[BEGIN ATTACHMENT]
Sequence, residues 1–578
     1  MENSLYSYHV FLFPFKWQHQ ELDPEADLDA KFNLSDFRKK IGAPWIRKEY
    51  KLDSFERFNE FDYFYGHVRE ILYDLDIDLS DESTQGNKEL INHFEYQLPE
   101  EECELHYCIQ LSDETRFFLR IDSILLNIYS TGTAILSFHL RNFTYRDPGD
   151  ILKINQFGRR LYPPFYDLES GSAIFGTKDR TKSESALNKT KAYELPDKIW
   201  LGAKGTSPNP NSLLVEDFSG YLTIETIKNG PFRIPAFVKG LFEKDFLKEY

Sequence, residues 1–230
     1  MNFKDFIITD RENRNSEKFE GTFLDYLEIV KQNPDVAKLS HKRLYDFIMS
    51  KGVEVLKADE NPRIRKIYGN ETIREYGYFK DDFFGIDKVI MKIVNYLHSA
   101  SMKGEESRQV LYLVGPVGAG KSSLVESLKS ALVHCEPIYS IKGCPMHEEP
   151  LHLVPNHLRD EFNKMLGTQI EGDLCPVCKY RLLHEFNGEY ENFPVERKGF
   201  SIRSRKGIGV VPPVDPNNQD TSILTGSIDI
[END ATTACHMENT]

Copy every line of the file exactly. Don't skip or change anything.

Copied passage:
Sequence, residues 1–578
     1  MENSLYSYHV FLFPFKWQHQ ELDPEADLDA KFNLSDFRKK IGAPWIRKEY
    51  KLDSFERFNE FDYFYGHVRE ILYDLDIDLS DESTQGNKEL INHFEYQLPE
   101  EECELHYCIQ LSDETRFFLR IDSILLNIYS TGTAILSFHL RNFTYRDPGD
   151  ILKINQFGRR LYPPFYDLES GSAIFGTKDR TKSESALNKT KAYELPDKIW
   201  LGAKGTSPNP NSLLVEDFSG YLTIETIKNG PFRIPAFVKG LFEKDFLKEY

Sequence, residues 1–230
     1  MNFKDFIITD RENRNSEKFE GTFLDYLEIV KQNPDVAKLS HKRLYDFIMS
    51  KGVEVLKADE NPRIRKIYGN ETIREYGYFK DDFFGIDKVI MKIVNYLHSA
   101  SMKGEESRQV LYLVGPVGAG KSSLVESLKS ALVHCEPIYS IKGCPMHEEP
   151  LHLVPNHLRD EFNKMLGTQI EGDLCPVCKY RLLHEFNGEY ENFPVERKGF
   201  SIRSRKGIGV VPPVDPNNQD TSILTGSIDI